<img height="1" width="1" style="display:none" src="https://www.facebook.com/tr?id=1621132604871265&amp;ev=PageView&amp;noscript=1">

Your company just made the jump from idea to reality. You got the funding to hire a core team, but don’t have any founders with serious technical skills. As you prepare to start building your product, you have to answer a fundamental question: how many developers does my startup need, and what roles should I look to fill first?

Who should be your first hire(s)?

Jilliene Helman’s, the CEO of RealtyMogul.com, has written a list of the first five people to hire as a startup, and the most important are a front-end engineer and a back-end engineer. Helman argues that having these two specialized roles in your early stages allows both of them to actually do more. “A front-end engineer who focuses on how the company’s site looks, and a back-end engineer who focuses on how it works,” is a powerful combination. In an early-stage world, where people still wear many hats, this might include front-end developers who can handle a lot of the design and user experience as well. 

Only got the budget for a single tech hire to start? You can find people making the case for hiring full-stackers - coders who do front and backend work - instead. Tessa Norton for Hackernoon points out: “The greatest USP (Unique Selling Proposition) of a full-stack developer is not in that they are experts, but that they are flexible to an incredible extent. As a startup founder, you can have your full-stack developer(s) commit to the front-end, back-end, or the architecture as and when the need arises.” Furthermore,  she says while in the early days they are flexible, they are also able to grow with your startup. 

On Stack Overflow’s sister site, Software Engineering, a discussion around estimating the right number of devs needed for a project led to this interesting comment.  the writer points out that a group of around five developers allows a team to focus on things like pair programming so devs can evolve together with their co-workers. This also means that if one person leaves, someone else is likely to be familiar enough with the code to keep things from breaking down.

What if you are looking for leadership in tech?

Your situation might be different if you are still looking for your tech lead. A user in a thread on  brightjourney.com points out it might be wise to grow a team around them: “Hire a CTO. The CTO hires five senior people who get to define the next generation of the product, get familiar with it and with each other. The CTO and their people can, in turn, hire 15 more people and break them into teams.”

Of course, finding that crucial CTO is easier said than done. If the search for the perfect candidate takes too long, you might want to consider the cost of finding that person and delaying other crucial decisions until then. It might be worth looking for a part-time CTO. This is less unusual than it seems. Emily Bahna, Managing Director at Thoughtbot advises, “Having someone to help you make critical strategic decisions part-time is better than hiring someone who is less than fully qualified to do the job.”

Hire experienced engineers

Another user’s advice was to hire “Engineers who have already solved the problems you are about to face .” That approach means you “won't waste time learning how to solve the same issue, thus your development will go much quicker and they can share experience for business decisions."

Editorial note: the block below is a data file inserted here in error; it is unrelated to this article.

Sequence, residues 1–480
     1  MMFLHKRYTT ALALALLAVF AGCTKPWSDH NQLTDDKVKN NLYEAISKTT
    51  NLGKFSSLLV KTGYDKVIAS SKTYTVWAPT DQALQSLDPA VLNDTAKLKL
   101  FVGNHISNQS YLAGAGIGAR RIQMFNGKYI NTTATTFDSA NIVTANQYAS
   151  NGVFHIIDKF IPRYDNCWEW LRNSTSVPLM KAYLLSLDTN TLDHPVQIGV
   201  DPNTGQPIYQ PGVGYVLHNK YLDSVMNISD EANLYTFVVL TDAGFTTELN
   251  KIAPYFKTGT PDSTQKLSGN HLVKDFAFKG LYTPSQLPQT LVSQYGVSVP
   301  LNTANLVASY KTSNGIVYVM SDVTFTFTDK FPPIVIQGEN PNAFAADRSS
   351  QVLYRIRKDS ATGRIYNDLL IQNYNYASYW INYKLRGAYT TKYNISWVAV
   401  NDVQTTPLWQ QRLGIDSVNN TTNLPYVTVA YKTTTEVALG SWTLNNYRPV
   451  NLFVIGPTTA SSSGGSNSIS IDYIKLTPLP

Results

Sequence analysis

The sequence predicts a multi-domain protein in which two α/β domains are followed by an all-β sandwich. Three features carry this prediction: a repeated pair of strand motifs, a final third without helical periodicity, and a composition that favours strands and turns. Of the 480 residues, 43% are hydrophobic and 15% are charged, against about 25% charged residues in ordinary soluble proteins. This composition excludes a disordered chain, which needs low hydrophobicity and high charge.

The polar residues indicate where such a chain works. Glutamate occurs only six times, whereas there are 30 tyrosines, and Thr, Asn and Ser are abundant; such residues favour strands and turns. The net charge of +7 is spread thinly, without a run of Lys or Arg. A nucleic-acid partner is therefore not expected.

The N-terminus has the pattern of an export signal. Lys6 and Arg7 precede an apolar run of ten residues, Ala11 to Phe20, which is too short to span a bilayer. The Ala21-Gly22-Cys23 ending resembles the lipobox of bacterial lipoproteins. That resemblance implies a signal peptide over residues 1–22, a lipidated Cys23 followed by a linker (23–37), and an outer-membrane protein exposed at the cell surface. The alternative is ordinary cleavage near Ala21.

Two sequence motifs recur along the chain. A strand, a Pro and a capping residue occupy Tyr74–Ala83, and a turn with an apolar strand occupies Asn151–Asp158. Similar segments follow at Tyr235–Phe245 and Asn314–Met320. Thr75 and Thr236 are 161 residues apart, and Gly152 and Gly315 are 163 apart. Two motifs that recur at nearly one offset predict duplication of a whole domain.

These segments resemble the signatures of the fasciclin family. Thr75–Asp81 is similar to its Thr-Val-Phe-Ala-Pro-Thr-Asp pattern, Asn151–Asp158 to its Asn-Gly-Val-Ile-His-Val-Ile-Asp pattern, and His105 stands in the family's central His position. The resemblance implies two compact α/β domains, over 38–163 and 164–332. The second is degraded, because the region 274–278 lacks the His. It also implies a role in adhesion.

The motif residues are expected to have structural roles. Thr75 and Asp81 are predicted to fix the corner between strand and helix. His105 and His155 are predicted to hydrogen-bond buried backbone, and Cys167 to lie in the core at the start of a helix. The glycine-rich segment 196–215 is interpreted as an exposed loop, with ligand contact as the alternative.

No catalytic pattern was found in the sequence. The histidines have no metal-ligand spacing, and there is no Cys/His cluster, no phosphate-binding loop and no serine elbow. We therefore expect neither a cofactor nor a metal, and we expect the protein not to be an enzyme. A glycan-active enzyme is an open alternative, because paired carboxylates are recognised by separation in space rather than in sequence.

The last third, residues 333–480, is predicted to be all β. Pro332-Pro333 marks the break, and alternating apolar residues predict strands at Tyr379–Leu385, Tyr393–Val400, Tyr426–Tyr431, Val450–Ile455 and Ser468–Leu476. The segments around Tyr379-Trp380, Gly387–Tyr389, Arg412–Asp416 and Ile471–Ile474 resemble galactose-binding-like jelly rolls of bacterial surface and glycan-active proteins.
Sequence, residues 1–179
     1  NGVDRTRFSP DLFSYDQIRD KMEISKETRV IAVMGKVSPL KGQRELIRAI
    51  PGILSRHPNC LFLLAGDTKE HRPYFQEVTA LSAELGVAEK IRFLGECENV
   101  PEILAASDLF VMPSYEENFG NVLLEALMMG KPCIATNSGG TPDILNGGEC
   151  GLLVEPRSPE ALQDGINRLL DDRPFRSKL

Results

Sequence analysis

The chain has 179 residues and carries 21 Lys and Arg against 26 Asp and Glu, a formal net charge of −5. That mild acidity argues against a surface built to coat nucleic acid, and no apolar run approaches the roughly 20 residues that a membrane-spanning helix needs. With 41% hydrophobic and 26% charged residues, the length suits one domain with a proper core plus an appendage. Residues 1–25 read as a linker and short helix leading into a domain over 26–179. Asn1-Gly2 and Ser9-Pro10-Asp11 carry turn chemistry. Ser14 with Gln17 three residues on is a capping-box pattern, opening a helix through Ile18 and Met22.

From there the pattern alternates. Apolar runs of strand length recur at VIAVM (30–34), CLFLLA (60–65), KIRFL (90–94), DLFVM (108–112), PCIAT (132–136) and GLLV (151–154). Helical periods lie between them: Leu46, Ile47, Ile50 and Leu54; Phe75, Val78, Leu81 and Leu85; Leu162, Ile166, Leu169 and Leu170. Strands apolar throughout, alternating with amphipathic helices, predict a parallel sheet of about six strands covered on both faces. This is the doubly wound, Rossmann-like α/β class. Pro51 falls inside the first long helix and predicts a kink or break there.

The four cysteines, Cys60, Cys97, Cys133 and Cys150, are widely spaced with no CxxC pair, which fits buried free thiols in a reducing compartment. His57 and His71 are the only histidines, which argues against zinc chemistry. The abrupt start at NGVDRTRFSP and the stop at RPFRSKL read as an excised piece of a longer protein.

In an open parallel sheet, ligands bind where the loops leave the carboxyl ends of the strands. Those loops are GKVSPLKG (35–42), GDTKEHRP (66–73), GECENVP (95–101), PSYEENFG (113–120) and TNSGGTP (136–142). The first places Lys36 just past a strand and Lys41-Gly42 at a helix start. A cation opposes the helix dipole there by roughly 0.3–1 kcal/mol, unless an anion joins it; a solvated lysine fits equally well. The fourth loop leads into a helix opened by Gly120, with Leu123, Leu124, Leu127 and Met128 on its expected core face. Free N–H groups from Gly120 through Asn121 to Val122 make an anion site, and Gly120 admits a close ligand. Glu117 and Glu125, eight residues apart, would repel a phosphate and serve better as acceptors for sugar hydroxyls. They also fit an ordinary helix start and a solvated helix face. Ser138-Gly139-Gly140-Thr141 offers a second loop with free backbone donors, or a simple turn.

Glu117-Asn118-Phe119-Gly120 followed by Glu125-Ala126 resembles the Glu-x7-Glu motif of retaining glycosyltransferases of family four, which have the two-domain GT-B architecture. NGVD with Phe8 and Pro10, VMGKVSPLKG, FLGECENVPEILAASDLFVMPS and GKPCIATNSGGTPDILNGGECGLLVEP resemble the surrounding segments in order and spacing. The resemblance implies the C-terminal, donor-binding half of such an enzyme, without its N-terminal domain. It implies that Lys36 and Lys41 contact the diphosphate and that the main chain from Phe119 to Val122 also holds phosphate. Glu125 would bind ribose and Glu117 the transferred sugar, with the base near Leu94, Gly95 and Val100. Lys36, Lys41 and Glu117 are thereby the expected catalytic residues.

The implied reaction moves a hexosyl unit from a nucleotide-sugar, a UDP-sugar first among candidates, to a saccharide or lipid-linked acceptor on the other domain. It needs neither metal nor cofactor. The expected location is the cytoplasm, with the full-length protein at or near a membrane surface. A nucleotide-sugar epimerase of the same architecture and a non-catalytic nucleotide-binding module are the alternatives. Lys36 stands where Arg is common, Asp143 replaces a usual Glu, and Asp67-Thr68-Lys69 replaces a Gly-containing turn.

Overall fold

Mind you, a senior developer, in this case, needs to be someone who has worked in this capacity. Especially with developers, a title does not always translate into years of experience in the job. Consider programming experience instead and the fact that most developers will write their first line of code as teenagers. 30% of developers who identified as a “Senior Developer” in our 2016 survey were in their 20s.  

Alex Sopinka, CTO of Tasytt, puts it well, saying, “To me, a Senior Developer is someone who has a track record of success, including understanding project requirements and delivering on them. He/she will have started to exhibit leadership skills and the ability to delegate and manage.” 

Adjusting to the market

Great, now you know what you want, but how to find it? It’s one thing to imagine the dream team of developers who will helo to tackle your roadmap and take your startup to the next level. It’s an entirely separate question to find these people, especially if the skills sets you are looking for are in high-demand, or if talents are not available in your area. A major actors in your planning should be the cost to fill different roles. 

The requirements of your team are something you should work out (and adjust) with your technical leadership. Make sure you talk a lot and built a great relationship from the start. You will only really understand which roles to recruit for if you understand the type of profile you are looking for. And sometimes this will include tough follow-ups with hiring managers to better understand why they rejected candidates

Things you should not de-prioritize along the way

No doubt, your first employee will shape your company more than anything. Naturally, employee #1-5 will be more crucial to your culture than #95-100. As Brian de Haaff writes: “Adding the wrong person to your team hurts—but it stings even more in a startup.”

So even though you want to hit the ground running, now might be a good time to think about diversity. In an interview, Aubrey Blanche,  Atlassian’s Global Head of Diversity Inclusion, advises startups: “Getting a first woman on the team is a lot easier when there’s only three employees and they’re all men, as opposed to when there are 20 that are all men. Invest early.”

New call-to-action

Comments

Schedule a 15 minute call

Call +1-877-782-2577 or email careers@stackoverflow.com for answers to any questions you may have